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F-106 Delta Dart


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On 11/21/2022 at 8:56 AM, alejandro_ said:

Many pilots considered the F-106 a "one trick pony", being really good as an interceptor (and the same in close combat due to delta wing). In 1961 USAF setup an exercise to compare it with the Phantom called Project High Speed. It took place during Robert McNamara's tenure as Defense Secretary, as he wanted to optimize the investment. F-4 Phantom proved better in most fields.

Earlier this year I interviewed a pilot who flew the F-106:


Thanks for the interview alejandro. Interesting that USAF was trying to control fighters like  Soviets were famous for in 60,70's . I wonder if copying USAF was what send the Soviets in that path.

Delta wings tend to be good at altitude because the large surface helps in less air pressure but have a large drag in lower atmosphere. You make one manoeuvre and you loose all energy.


Mirage III vs F4 or what would be the best 50,60's designed fighter?

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2 hours ago, Dawes said:

AIM-4 was such a flop in the SEA combat environment that the 8th TFW commander (Col. Robin Olds) eventually had them restricted from use on his aircraft. Not that Falcon was alone in this, of course. Combat Snap brought the AIM-9J into use, but it was also something of a disappointment compared to expectations.

Robin Old's had a lot to do with The AIM-4's bad reputation. But my understanding was that he used AIM-4s on F-4 Phantoms which at that time did not have the computer system to launch it properly. In the F-106, the AIM-4's performance was not an issue. There is an interview somewhere with former F-106 pilot Bruce Gordon, who disagreed with Robin Olds on the AIM-4.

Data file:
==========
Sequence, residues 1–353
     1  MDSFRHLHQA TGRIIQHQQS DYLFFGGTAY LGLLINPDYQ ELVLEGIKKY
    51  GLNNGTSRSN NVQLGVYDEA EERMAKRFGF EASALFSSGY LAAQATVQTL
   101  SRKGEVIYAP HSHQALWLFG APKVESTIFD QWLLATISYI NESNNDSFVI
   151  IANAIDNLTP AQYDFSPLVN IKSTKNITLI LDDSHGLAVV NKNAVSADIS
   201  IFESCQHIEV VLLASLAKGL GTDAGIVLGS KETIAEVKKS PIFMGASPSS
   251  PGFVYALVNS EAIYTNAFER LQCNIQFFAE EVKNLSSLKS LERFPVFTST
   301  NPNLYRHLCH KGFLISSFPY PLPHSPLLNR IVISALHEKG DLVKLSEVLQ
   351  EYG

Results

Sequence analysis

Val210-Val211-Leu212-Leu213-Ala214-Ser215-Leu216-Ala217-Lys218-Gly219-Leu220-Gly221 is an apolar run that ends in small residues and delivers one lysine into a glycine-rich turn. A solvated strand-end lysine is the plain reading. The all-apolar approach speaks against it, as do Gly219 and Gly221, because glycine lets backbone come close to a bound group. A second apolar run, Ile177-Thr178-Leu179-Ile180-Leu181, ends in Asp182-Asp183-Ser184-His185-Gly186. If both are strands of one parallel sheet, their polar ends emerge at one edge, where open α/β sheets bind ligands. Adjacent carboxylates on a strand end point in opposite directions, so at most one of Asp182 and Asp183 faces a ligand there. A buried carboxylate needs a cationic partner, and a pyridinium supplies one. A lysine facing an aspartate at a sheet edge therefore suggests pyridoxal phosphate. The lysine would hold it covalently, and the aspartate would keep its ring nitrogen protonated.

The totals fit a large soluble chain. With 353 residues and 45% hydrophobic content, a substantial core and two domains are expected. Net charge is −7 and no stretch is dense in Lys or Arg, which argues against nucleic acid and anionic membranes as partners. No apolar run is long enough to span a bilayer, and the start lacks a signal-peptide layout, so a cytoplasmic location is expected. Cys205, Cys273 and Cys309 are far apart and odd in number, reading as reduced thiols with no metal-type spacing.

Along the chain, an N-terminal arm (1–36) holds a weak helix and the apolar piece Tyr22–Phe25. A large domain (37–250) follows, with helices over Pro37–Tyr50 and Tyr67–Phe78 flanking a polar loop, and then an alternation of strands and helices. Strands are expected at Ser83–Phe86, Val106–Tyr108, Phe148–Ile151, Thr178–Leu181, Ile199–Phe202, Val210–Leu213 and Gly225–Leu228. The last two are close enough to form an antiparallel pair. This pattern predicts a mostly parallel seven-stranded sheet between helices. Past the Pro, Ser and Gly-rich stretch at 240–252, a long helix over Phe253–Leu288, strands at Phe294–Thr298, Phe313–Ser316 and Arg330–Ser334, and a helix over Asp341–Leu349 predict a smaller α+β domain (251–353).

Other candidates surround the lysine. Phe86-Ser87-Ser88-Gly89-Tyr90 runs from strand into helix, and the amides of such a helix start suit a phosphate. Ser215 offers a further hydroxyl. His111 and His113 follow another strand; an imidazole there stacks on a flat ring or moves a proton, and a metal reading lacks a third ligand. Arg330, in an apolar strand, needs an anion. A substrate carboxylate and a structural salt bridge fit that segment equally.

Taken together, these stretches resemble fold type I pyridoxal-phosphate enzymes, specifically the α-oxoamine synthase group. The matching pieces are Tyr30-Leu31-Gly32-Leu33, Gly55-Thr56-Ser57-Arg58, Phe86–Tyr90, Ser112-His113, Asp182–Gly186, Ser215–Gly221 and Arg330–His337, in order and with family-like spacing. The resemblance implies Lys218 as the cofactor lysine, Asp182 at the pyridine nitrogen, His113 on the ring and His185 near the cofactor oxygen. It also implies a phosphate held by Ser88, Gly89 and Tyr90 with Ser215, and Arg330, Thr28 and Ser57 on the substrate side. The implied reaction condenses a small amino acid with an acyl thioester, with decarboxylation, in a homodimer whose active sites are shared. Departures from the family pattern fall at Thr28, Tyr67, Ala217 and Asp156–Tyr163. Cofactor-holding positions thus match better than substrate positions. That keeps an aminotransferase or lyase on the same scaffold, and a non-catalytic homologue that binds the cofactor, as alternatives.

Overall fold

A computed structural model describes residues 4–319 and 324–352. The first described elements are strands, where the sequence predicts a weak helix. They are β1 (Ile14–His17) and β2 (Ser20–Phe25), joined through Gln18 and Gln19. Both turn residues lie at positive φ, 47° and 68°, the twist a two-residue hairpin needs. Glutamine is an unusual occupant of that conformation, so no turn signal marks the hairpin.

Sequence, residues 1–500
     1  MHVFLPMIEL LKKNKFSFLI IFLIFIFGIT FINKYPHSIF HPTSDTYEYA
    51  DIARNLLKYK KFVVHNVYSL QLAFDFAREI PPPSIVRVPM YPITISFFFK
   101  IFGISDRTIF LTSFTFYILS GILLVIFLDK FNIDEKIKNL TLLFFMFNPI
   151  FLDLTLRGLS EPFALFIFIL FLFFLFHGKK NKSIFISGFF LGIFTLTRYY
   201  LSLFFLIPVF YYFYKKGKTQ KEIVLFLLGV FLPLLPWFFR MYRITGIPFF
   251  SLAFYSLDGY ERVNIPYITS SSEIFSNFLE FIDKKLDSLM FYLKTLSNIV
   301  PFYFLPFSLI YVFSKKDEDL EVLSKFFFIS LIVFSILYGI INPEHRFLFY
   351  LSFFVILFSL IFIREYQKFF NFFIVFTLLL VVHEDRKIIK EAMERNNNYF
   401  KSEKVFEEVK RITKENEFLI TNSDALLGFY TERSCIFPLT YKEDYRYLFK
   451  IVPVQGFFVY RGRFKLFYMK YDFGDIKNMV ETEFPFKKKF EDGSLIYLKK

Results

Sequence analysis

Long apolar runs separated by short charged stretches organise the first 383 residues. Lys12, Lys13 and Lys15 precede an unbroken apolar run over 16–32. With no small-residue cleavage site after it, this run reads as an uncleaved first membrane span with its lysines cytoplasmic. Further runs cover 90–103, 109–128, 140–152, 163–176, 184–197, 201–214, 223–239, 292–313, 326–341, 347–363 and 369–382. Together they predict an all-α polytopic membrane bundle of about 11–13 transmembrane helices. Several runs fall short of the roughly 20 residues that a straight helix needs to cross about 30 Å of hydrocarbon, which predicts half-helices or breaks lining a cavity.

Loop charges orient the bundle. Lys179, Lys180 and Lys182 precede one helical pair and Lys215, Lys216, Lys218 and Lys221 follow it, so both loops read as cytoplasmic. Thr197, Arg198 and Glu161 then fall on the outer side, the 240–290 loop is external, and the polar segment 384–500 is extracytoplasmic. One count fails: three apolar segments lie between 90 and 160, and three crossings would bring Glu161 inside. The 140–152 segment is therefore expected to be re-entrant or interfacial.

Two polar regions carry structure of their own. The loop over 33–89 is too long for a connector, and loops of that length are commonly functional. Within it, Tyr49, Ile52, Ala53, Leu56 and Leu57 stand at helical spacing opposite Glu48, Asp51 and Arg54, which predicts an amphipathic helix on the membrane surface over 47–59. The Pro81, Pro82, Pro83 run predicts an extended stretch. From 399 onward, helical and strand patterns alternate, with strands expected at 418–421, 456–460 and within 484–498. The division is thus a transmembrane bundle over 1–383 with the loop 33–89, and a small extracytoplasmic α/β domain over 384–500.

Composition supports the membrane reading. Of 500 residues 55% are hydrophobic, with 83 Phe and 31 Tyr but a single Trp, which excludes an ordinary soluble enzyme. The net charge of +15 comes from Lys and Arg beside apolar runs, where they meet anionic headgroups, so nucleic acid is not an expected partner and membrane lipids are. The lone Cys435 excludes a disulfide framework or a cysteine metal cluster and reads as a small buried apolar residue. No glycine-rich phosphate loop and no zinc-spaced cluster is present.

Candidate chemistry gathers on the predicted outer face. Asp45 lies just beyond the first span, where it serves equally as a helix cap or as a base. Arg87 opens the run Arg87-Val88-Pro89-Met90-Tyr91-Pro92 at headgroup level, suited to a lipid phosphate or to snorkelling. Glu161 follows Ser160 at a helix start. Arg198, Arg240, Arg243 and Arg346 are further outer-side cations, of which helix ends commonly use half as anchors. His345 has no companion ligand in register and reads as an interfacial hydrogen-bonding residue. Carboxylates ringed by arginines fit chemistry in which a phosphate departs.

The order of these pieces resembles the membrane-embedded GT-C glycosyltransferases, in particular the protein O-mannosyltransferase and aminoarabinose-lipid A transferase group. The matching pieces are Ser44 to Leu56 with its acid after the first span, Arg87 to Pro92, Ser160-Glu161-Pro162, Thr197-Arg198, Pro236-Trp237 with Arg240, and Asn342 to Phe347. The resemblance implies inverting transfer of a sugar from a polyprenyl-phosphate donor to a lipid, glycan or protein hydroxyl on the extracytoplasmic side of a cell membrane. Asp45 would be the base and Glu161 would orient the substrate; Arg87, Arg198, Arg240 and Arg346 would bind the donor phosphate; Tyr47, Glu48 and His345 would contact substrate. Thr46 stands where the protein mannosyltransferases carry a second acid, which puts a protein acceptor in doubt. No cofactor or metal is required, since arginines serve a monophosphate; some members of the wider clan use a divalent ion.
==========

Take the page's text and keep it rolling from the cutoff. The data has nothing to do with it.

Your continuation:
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It's true that the AIM-4 was out of it's element in the SEA enviroment. From Gen. Dick Pascoe:

‘On my 6 January 1967 mission, I was able to maintain a position of advantage behind the second element of MiG-21s after I had shot the leader down. However, even though I fired three AIM-9s during the turning engagement, none found the target due to the weapon’s limitations. To address this generally recognised deficiency, a decision was taken to adapt existing AIM-4s to the F-4 as a potentially enhanced dogfighting weapon. Having flown the AIM-4-equipped F-102, I was familiar with the Falcon’s characteristics and limitations. Unfortunately, the AIM-4 was declared unfit (at Ubon) before I was able to convince the 8th TFW of its merits.

`While the Falcon’s flight dynamics were better than the AIM -9’s, the arming and firing process was more complex — certainly in a dogfight environment. The AIM-4 was a hit-to-kill weapon, and to achieve the required accuracy it used nitrogen to super-cool the seeker head before launch. This design is effective, but adds a degree of complexity to the missile launch sequence. In the all-weather interceptor application, the added complexity was managed by the weapons system. However, in the F-4D application, the pilot had to decide to fire the weapon 90 seconds prior to it actually leaving the aircraft, as he had to push a button to discharge the nitrogen and then fire the missile within a lapsed time of between two to three minutes after the nitrogen had been discharged! Not An easy task to complete in a 6g turning fight.’

Col. Olds personally fired (or attempted to fire) seven or eight Falcons, none of which guided or launched. That was probably a major factor in his banning of the missile. An F-106 engaging a straight-and-level bomber may or may not have had better results.

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